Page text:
A full 40 minute version of a video made by Faisal Shahzad while training for his failed attack on Times Square has been released.
The video is avaialable here.
There is much to be said about his explanations for his actions, and of particular interest is a section of the video which begins 9.40 minutes in, where he discusses jihad as a pillar of Islam. He claims that his reading of the Koran has taught him that violent jihad is as much of a duty or obligation as fasting and the Hajj pilgrimmage:
One of the most prominent things in Islam…when I came to it, is jihad. People do prayer, they…give zakat [obligatory charitable donations], they do fasting, they go to hajj, but they follow part of it [Islam], but they don’t follow the other part of it, which is fighting in the cause of Allah.
I don’t understand why people follow one of the commandments, but they don’t follow the other commandment…they are equally important.
To justify his argument, Shahzad refers to verses 2:216 and 2:183 from Sura al-Baqarah in the Koran, which refer to the ordained obligations of jihad and fasting respectively.
He has not come to these conclusions unaided. During his interrogation after being arrested, it is reported that Shahzad claimed to have drawn inspiration from a number of English-language Salafi-jihadist preachers, including Anwar al-Awlaki. In his video, though he does not mention Awlaki by name, Shahzad spares a moment to thank the Shuyook [Sheikhs] who have spread the true aqeeda [creed] and ‘are talking about jihad out loud’ in the English-speaking world:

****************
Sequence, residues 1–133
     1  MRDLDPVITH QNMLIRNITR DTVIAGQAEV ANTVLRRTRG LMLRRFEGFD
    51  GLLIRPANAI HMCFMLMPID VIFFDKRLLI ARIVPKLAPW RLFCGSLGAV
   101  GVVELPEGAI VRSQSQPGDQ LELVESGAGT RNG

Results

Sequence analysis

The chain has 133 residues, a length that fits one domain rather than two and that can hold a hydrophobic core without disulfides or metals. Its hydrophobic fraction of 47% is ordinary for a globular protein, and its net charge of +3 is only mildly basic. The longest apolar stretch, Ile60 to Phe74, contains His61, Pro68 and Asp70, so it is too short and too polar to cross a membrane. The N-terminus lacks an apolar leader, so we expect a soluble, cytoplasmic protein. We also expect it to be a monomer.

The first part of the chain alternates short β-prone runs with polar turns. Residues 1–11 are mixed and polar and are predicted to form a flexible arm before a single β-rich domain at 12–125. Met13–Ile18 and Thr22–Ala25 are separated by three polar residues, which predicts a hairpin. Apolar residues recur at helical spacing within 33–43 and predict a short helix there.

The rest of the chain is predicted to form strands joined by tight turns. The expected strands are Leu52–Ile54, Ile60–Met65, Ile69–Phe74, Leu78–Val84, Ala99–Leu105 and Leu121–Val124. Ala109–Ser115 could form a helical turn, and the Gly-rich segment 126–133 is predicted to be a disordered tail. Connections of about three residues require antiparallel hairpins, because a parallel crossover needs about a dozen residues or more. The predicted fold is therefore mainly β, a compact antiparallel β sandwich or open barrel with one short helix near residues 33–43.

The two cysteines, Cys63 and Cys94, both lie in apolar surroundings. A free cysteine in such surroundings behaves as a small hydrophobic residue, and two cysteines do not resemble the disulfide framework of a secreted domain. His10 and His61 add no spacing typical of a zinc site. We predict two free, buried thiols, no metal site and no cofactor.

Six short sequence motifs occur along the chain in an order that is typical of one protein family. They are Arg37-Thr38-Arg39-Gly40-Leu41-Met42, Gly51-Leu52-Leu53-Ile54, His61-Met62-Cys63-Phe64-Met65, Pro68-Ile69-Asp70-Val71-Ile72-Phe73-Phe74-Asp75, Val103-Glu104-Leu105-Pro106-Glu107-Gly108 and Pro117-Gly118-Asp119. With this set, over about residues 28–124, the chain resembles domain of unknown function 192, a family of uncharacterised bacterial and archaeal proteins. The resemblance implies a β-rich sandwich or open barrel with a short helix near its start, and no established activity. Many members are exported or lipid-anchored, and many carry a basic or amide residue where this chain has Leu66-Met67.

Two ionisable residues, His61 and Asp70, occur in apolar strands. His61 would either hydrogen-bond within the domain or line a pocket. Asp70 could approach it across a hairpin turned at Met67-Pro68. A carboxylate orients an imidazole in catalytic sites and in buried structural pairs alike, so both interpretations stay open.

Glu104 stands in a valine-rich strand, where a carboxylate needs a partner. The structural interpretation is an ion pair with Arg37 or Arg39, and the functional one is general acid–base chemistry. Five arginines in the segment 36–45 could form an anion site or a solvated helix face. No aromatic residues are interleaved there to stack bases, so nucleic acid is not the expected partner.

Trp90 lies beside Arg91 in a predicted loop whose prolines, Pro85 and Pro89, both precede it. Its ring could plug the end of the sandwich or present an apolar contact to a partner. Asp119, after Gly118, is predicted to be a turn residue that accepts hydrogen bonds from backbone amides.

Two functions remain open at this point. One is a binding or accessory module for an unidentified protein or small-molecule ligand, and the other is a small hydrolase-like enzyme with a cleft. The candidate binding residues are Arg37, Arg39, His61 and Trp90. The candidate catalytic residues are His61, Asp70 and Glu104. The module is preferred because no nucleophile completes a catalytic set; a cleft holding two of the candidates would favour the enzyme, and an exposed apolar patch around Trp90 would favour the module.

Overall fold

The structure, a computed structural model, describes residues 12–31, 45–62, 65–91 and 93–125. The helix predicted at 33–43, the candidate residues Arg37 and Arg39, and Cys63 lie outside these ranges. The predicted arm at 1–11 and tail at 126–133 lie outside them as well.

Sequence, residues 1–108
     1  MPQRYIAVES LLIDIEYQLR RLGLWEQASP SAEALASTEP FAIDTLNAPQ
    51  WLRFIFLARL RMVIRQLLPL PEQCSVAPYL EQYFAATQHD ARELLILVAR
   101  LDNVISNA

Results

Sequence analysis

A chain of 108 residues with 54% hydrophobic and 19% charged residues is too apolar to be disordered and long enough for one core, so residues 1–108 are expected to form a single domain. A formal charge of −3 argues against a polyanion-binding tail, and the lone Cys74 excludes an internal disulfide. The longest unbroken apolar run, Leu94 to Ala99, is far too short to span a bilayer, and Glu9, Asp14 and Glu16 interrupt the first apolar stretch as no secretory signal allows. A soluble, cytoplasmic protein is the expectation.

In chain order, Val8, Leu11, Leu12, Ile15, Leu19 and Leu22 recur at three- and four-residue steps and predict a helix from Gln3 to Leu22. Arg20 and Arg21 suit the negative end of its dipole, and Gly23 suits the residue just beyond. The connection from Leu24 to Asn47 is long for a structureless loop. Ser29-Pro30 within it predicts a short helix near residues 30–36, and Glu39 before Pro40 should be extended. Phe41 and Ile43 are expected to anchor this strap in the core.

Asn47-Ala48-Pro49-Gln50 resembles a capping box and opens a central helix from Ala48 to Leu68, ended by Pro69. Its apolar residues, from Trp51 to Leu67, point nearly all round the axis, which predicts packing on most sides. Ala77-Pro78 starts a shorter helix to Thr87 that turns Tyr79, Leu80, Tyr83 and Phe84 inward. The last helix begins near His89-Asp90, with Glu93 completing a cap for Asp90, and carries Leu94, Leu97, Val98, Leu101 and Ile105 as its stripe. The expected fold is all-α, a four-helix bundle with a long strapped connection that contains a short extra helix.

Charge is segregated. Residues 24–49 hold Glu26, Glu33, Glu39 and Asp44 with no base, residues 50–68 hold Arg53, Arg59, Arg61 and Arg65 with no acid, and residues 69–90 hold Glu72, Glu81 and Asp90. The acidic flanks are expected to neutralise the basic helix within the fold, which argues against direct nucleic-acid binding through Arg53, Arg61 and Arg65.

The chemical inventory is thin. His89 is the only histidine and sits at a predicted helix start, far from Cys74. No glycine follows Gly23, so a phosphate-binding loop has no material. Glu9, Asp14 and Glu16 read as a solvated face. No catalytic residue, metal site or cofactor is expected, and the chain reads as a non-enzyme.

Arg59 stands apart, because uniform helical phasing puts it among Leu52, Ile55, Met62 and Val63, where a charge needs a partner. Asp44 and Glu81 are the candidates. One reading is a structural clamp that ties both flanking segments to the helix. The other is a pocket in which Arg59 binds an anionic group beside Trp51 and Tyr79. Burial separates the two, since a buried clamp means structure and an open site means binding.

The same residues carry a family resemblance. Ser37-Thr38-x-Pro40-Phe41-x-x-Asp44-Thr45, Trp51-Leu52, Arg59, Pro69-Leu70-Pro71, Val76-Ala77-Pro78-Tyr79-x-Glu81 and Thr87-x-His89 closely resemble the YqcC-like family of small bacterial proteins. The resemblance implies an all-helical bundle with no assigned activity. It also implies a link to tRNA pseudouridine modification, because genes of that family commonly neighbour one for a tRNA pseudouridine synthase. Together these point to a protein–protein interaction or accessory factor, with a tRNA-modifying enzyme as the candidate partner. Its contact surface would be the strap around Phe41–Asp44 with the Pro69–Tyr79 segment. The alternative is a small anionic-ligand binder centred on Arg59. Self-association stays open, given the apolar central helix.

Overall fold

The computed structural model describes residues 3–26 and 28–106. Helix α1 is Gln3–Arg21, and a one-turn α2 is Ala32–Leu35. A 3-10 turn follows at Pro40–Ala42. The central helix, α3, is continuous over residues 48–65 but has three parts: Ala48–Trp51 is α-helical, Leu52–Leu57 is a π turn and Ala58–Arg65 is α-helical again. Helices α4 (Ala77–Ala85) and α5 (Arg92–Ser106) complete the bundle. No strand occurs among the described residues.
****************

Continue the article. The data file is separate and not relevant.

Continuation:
because of those Sheikhs that probably I am here today. So I just wanted to give them a message: keep it up.
The concept of jihad as a form of ibadah [worship] equal to other pillars such as fasting was developed by, among others, Sheikh Yusuf al-‘Uyayree in his treatise Constants in the Path of Jihad. Among Anwar al-Awlaki’s most popular works is his translation of Uyayree’s text, and it is likely that this is where Shahzad has taken his understanding of jihad.
Throughout the body of his work, Awlaki is concerned primarily with raising the significance and importance of jihad in Islam and making the ‘war on Islam’ a reality for his Western audience. In his take on Constants, Awlaki puts much emphasis on the importance of jihad as a pillar of Islam equal to fasting and Hajj pilgrimage. Thus, quoting the same sections in the Koran used by Shahzad, he argues:
Allah says, “Fighting has been prescribed upon you and you dislike it, but it is possible that you dislike a thing that is good for you and you love a thing that is bad for you. Allah knows and you know not.” This ayah is a command to the Muslims to fight.
They [jihad and fasting] are both in Surah al Baqarah. Fasting has been prescribed upon you and fighting has been prescribed upon you; so how come we are treating them differently?
If one were to accept this Salafi-jihadi interpretation of Islamic obligations, and use it to frame various Western countries’ responses to violent jihad, it is not difficult to see how this could be a convincing argument; by preventing and working against Jihad, America and the West are actively preventing Muslims from carrying out their duties as ordained by Allah.
Salafi-jihadi preachers will continue to inspire young, Western Muslims to carry out acts of violence until we have figured out how to provide a equally simplistic response to their interpretation of Islam and its core texts. Shahzad does not come off as a very thoughtful young man, and nor do many of his British and American predecessors. He requires his religion to be spoon fed to him through simple frames and narratives often in video or audio format. The response from Muslims who disagree with al-Qaeda and other Islamists must be made equally easy to consume, and anyone who has tried to read religious refutations of Awlaki and others like him will know that we are not yet at that stage.